March of the Mollusks: Tracking Snails, Clams, and Other Critters Across Seattle

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Image by Alexas_Fotos from Pixabay

When my wife and I moved into Seattle’s Maple Leaf neighborhood in 1975, there were no snails in our garden.  At the time, I saw them south of Green Lake. When our young family trooped down to the freeway overpass at NE 75th to watch Fourth of July fireworks, the snails had come that far north, a move that had taken them about ten years.  By the early 2000s, they had slithered up the hill and by 2010 were frolicking my garden.  

The invasion represents a mix of molluscan species including Mondemia fedelis, a handsome if clueless little native, and the elegant yellow and black invader: Cepaea nemoralis.  A French vintner in San Jose, pining for escargot, imported them in the 1850s.  A century later they crossed the Columbia, and now here they are, in white face and miniature black berets, insufferable mimes pretending to gag on my snail pellets, eye stalks swaying melodramatically as they flop over, radulas lolling out of their sneering, thin-lipped, little Gallic mouths.  A less attractive confrere, Cornu aspersum (indeed!) is raising hell in Port Townsend.

We carry on about Trump and why nothing seems to work anymore. Meanwhile the living world shifts beneath our feet.  Opossums from Dixie took up residence in my shed 15 years ago. The armadillos aren’t far behind. Authorities tell us the closest armadillos live in Colorado, but on May, 2018, a drunk driver crashed his Chevrolet Silverado in Midland, Pierce County, trying to avoid one, he said.  I notice these things.

I first saw mahogany clams, Arctica islandica, in 2005 on the beach at East Sound on Orcas Island.  Arriving in ballast water from Asia, they have lovely purple interiors, but because of their biology, they store more toxins than the native littlenecks they replace and would as soon kill you as look at you if they had eyes.  One of the best bowls of chowder I’ve had anywhere was served to me recently at a waterfront dive in Ilwaco at the mouth of the Columbia. When I asked what the delicious meaty clams in it were, they said “Arctic clams.” They use them instead of littlenecks. Could it be?  If so, I appear to have dodged the bullet. This time.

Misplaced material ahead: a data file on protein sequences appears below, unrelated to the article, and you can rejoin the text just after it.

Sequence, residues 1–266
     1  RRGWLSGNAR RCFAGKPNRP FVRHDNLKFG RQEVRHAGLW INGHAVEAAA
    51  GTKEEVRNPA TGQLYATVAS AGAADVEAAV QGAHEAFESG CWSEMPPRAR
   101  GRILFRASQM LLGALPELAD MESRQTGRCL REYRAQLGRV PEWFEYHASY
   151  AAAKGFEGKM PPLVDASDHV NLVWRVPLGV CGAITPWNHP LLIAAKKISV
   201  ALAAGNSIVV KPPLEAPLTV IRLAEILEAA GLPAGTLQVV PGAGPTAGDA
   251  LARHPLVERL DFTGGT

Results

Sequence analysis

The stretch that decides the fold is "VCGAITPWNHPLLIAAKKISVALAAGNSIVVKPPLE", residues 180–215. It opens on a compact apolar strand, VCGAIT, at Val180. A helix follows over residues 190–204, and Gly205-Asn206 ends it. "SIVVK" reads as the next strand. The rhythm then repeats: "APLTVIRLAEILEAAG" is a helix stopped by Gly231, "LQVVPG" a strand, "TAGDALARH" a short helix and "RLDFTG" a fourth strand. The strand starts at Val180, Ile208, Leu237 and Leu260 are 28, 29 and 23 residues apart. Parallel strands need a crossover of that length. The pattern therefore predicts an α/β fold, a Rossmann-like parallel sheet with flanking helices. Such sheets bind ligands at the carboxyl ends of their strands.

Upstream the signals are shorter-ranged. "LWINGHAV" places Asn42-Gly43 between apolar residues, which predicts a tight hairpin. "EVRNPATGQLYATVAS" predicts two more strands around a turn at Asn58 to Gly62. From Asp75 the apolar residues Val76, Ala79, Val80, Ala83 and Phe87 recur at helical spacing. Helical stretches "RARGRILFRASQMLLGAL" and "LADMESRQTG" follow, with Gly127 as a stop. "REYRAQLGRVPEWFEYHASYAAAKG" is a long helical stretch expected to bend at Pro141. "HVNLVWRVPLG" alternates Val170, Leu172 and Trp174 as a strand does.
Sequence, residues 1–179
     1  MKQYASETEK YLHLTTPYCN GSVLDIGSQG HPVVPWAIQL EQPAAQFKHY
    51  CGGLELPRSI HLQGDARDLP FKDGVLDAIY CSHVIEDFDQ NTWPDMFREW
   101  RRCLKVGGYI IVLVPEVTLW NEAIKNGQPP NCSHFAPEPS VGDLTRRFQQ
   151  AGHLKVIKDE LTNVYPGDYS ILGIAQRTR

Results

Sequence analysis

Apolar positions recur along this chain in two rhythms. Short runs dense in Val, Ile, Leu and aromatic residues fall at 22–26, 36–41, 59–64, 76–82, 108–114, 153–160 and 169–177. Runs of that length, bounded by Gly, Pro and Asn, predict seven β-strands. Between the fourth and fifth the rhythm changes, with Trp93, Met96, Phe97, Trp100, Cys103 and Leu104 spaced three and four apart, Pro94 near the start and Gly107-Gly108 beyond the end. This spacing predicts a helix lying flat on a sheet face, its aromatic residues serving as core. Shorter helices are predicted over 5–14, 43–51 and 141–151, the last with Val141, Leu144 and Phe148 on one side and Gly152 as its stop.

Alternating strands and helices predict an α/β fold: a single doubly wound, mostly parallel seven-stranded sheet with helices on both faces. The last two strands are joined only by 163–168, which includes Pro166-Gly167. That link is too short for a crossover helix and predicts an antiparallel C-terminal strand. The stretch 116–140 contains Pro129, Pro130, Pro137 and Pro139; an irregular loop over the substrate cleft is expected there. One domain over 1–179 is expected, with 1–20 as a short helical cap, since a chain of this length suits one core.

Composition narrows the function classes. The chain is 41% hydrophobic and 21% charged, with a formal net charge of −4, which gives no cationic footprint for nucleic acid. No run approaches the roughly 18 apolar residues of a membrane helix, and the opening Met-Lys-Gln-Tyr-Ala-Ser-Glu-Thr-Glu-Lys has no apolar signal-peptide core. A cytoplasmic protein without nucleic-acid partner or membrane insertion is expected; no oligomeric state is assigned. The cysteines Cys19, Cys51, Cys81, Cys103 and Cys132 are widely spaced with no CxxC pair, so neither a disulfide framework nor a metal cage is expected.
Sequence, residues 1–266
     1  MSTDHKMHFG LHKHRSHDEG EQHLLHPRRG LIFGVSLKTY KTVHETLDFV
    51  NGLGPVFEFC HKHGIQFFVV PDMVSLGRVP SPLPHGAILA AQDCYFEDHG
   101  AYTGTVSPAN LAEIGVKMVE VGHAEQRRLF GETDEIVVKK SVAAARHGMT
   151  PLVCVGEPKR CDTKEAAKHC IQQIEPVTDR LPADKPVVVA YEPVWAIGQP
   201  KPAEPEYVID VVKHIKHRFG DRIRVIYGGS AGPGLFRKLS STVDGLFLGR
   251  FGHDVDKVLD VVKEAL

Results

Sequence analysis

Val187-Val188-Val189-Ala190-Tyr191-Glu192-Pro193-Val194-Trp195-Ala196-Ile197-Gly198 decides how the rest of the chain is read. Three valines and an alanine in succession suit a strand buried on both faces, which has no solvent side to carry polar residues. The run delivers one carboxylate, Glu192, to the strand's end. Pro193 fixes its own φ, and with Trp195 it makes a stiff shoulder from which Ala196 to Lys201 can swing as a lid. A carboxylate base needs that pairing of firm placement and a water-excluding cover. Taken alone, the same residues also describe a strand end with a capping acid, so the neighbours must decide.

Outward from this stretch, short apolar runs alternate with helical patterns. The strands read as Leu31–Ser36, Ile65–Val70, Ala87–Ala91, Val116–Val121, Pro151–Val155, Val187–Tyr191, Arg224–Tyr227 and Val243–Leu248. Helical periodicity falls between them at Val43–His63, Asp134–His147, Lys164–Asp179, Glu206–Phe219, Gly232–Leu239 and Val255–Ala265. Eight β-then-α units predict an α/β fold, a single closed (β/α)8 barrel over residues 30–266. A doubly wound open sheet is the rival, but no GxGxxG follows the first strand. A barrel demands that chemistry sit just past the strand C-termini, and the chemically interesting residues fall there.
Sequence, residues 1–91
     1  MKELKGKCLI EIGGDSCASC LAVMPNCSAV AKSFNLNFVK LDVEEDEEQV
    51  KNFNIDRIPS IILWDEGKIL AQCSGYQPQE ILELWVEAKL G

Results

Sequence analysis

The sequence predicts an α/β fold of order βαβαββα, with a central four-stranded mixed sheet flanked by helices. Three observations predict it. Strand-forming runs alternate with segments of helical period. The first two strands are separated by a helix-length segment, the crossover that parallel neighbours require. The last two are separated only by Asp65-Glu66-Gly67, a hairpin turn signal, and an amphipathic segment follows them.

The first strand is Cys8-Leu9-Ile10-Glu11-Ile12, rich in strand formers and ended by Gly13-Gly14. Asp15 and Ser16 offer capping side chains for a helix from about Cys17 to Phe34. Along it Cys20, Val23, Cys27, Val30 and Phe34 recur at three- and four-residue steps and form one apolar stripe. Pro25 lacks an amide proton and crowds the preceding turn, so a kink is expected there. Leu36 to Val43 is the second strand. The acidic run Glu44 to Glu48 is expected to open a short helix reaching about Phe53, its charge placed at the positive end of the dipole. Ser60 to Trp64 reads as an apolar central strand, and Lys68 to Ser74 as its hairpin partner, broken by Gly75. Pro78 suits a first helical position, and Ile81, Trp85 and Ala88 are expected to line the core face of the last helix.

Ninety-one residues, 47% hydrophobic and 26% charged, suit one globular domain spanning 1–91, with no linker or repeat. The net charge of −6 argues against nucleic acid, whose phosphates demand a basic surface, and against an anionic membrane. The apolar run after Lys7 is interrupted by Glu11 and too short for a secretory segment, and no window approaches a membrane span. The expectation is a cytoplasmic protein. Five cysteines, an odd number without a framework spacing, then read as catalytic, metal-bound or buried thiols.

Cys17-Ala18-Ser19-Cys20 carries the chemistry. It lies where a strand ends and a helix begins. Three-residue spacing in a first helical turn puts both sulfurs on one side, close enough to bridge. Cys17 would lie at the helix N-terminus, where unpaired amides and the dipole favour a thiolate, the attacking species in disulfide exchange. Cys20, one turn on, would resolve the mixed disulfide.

And six months ago what do I find while strolling the beach at Golden Gardens Park?  Veneruptis philippinarum!!  Also called Manila clams, they are all the rage in seafood restaurants now, having bumped littlenecks off the menu.  

Philippinarum hitched a ride on the Pacific Oyster, Crassotea gigas (!!) introduced from Japan into Willapa Bay in 1902.  A reproductive maniac, much larger than the native Olympia oyster, Ostrea lurida, and able to thrive in shallow water, they created huge reefs that displaced eel grass beds and Olympia oysters on Willapa Bay, Hood Canal, and Puget Sound.  Raw Crassotea gigas looks like a vast nasal discharge on a half-shell, and only recently has the more flavorful lurida been assisted in making a comeback.

These are only very few of many biological changes happening locally, not from global warming but because of intentional and accidental introductions, and the inexorable movements of migrant creatures whose agendas have nothing to do with ours.  

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